Skip To Content
Article

What You Need to Know about Public Education and the 2023 Legislative Session

Photo of the inside of the Capitol dome.

The 88th Texas Legislature was, overall, a disappointment for Texas public schools. While attempts to create a voucher program were unsuccessful, the session ended with no increase in per-student funding and no money designated for teacher pay raises, despite a $33 billion budget surplus. Learn about the bills that passed (and the ones that did not) that will have a direct impact on students, teachers, and school districts. 

School Funding, Vouchers 

Schools would have needed a $1,000 increase in the basic allotment to keep up with rising costs. Inflation is estimated to have increased 14-17% since the last funding boost in 2019. However, the session ended with no increase in the basic allotment, even though lawmakers were working with a $33 billion budget surplus. 

The Senate added an education savings account/voucher program to House Bill (HB) 100, the school finance bill as a last-ditch effort to pass vouchers. The bill died in the House.  

Special Session(s) 

Much of the $33 billion budget surplus was allocated to property tax cuts. However, the Legislature did not come to an agreement on how to best reduce property taxes during the regular session. As a result, Gov. Abbott called a special session that began only a few hours after the regular session adjourned. The House met the following day, passed its property tax relief bill, and adjourned for the session that same day, leaving the ball in the Senate’s court.  

The governor has said that there will be multiple special sessions, including one on “education freedom,” aka school vouchers. That session could be called by the governor at any time.  

Hundreds of bills passed this session that will affect public education. Here are some of note.  

HB 3, School Safety 

This session’s school safety bill includes the requirement that districts have at least one armed security officer per campus. A school board may claim an exception if they lack the funding or available personnel. Districts that ask for an exemption must develop an alternative plan that may include a school marshal or other armed staff member.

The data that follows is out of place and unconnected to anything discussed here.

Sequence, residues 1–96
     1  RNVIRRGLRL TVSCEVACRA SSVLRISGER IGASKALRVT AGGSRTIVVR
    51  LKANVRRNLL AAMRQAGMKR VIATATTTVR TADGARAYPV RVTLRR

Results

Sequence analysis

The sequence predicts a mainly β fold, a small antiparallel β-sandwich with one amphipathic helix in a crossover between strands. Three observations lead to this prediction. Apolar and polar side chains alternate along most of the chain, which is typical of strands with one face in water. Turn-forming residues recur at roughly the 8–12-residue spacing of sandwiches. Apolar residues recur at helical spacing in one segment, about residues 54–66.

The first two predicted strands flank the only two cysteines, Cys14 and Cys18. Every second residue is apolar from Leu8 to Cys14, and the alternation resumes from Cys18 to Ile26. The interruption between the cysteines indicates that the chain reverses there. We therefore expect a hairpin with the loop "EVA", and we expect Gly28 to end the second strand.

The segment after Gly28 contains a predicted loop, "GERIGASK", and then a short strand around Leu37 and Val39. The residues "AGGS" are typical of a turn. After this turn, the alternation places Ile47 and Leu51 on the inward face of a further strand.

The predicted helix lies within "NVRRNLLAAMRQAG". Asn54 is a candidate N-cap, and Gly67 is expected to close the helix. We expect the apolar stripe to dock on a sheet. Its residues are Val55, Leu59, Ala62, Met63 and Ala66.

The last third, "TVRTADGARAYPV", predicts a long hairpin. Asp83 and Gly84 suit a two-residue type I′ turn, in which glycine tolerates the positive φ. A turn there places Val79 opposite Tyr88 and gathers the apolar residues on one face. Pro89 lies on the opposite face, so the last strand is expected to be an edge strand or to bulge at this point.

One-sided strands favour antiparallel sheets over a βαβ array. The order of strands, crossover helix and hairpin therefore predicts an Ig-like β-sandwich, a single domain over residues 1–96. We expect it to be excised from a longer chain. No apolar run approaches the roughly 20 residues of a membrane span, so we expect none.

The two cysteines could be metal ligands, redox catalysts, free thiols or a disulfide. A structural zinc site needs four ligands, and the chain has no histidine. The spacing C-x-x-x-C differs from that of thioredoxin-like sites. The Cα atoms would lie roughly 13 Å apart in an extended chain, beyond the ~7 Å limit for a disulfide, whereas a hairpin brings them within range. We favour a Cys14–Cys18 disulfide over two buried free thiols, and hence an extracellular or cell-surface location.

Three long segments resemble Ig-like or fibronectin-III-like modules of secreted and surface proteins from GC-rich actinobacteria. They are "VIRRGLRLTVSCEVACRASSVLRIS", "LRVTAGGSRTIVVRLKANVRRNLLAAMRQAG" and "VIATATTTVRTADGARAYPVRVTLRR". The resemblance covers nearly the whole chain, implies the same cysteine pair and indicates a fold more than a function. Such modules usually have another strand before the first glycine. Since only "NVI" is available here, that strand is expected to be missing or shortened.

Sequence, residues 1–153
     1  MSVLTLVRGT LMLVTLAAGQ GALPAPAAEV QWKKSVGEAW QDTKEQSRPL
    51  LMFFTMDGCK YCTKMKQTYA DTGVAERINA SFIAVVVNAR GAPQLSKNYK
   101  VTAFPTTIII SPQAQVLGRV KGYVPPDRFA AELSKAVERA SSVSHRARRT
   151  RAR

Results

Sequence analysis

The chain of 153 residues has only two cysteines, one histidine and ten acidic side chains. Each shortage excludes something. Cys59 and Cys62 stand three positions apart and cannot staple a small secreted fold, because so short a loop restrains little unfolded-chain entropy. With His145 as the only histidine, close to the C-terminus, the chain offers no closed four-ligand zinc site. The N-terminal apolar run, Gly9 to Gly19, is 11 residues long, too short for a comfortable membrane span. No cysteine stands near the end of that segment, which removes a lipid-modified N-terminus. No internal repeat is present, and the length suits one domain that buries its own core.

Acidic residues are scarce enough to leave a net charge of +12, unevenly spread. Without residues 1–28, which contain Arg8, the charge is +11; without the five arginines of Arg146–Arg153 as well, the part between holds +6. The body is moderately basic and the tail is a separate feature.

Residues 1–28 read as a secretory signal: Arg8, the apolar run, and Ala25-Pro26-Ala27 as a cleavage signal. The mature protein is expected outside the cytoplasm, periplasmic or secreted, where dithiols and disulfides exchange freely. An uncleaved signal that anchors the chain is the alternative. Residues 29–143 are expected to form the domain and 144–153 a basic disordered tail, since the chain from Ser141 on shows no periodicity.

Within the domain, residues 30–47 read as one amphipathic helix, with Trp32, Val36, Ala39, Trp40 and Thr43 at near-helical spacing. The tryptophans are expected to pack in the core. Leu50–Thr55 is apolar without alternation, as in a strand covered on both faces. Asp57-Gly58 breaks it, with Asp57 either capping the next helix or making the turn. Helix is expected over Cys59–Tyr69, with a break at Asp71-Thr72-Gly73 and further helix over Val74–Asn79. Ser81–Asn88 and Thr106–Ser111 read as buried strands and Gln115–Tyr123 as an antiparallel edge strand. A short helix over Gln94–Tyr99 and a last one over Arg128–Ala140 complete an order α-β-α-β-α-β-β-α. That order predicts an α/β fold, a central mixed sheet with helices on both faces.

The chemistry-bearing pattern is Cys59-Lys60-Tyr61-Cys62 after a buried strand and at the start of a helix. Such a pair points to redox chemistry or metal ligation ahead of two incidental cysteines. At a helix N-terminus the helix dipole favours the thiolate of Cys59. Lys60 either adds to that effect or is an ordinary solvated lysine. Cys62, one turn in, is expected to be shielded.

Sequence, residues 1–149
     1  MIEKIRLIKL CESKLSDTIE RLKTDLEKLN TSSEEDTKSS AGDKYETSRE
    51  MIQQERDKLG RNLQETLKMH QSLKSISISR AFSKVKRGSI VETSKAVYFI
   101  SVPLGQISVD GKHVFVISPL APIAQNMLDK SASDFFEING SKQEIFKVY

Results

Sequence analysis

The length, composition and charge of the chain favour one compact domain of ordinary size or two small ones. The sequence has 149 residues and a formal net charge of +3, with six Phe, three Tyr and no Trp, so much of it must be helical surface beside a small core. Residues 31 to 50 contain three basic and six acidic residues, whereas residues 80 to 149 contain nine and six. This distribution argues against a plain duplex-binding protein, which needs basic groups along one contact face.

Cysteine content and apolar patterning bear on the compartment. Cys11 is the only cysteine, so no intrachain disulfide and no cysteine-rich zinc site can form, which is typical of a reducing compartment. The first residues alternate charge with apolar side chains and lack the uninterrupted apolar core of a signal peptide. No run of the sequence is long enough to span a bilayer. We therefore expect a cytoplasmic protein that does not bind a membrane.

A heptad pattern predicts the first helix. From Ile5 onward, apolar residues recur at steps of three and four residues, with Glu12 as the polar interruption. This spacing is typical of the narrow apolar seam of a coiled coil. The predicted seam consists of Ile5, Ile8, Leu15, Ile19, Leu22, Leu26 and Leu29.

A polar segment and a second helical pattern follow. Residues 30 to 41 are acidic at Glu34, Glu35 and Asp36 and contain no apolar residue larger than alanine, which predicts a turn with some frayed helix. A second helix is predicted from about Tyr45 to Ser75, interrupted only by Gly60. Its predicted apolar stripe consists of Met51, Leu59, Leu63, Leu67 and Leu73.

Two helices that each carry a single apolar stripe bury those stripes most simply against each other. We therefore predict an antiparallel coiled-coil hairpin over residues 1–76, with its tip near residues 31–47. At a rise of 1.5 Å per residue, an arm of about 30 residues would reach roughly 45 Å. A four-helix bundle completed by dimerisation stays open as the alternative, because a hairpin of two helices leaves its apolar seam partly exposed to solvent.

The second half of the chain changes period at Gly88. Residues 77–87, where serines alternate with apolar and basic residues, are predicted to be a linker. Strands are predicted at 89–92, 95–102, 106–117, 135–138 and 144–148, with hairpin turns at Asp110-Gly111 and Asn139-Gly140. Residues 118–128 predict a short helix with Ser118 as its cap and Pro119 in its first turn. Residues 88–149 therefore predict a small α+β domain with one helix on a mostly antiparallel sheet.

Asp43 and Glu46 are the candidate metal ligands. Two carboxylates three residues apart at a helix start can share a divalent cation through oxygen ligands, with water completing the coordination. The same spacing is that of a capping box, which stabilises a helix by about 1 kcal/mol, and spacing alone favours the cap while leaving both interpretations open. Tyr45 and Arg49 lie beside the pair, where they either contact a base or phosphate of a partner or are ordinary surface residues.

HB 3 increased the per-student safety allotment by $0.28 per student. In addition, districts will receive $15,000 per campus to implement safety measures.  

The bill also requires most school staff to complete mental health training, requires education service centers to serve as school safety resources for districts, and assigns the Texas Education Agency (TEA) to monitor the implementation and operation of requirements related to safety.  

HB 5, Tax Abatement Programs 

HB 5 restores school district tax abatement programs for 10 years after the expiration of the ability for districts to approve new 313 tax agreements. Interested companies can submit an application with an economic impact statement to a school district. The district would then forward the application along with a school finance impact statement to the Texas comptroller. After a financial review, the comptroller would make a recommendation to the district on whether to accept the deal. If approved by the comptroller, the school board would vote to approve or deny the offer.  

HB 900, Book Ratings 

School districts will be required to comply with the Texas State Library and Archives Commission’s new standards for school library collection development. School library vendors must rate books and cannot provide materials that are sexually explicit to a school. HB 900 also prohibits students from checking out sexually relevant materials without parental permission. Districts will be required to review the sexually relevant materials in their libraries every two years.  

HB 1416, Accelerated Instruction 

This bill loosened some of the requirements of last session’s HB 4545. It reduced the number of hours required for students who fail to achieve satisfactory performance on state tests to 15 hours. However, students who perform significantly below satisfactory are required to get at least 30 hours of accelerated instruction. The bill increases student-to-teacher ratios to four students per teacher for this instruction and makes provisions for exceptions. 

HB 1605, Open-Resource Instructional Materials Program 

HB 1605 allows the TEA to create an open-resource instructional material program that districts may use. It provides a small allotment for districts that use the state-created and approved materials. 

HB 1707, Charter Schools 

Municipalities will be required to treat charters as they would an independent school district for the purposes of permitting, zoning, etc. The bill requires that charters provide notice of a new campus to local school districts and legislators within 20 business days of closing on the purchase or lease of property for that campus.  

HB 1707 also requires charter school operators to certify that no one in the charter school's leadership or staff will personally profit from any real estate deals involving the school. 

SB 10, Retired Educator Raises 

SB 10 provides a one-time cost-of-living raise and a one-time 13th check to retired educators. The amounts are tiered depending on when the teacher retired and their age.  

SB 763, School Chaplains as Counselors 

This bill allows schools to employ school chaplains or allow volunteer chaplains to perform the duties of school counselors.  

SB 838, Panic Alert Devices 

Every classroom will now be required to have a panic alert device of some sort. 

Learn More 

Listen to the TASB Talks podcast Recap of the 88th Texas Legislature to learn more about bills that passed. 

Was this article helpful?
Stephanie Butler
Communications Manager

Sign Up for Texans for Strong Public Schools

Get advocacy action alerts in your inbox.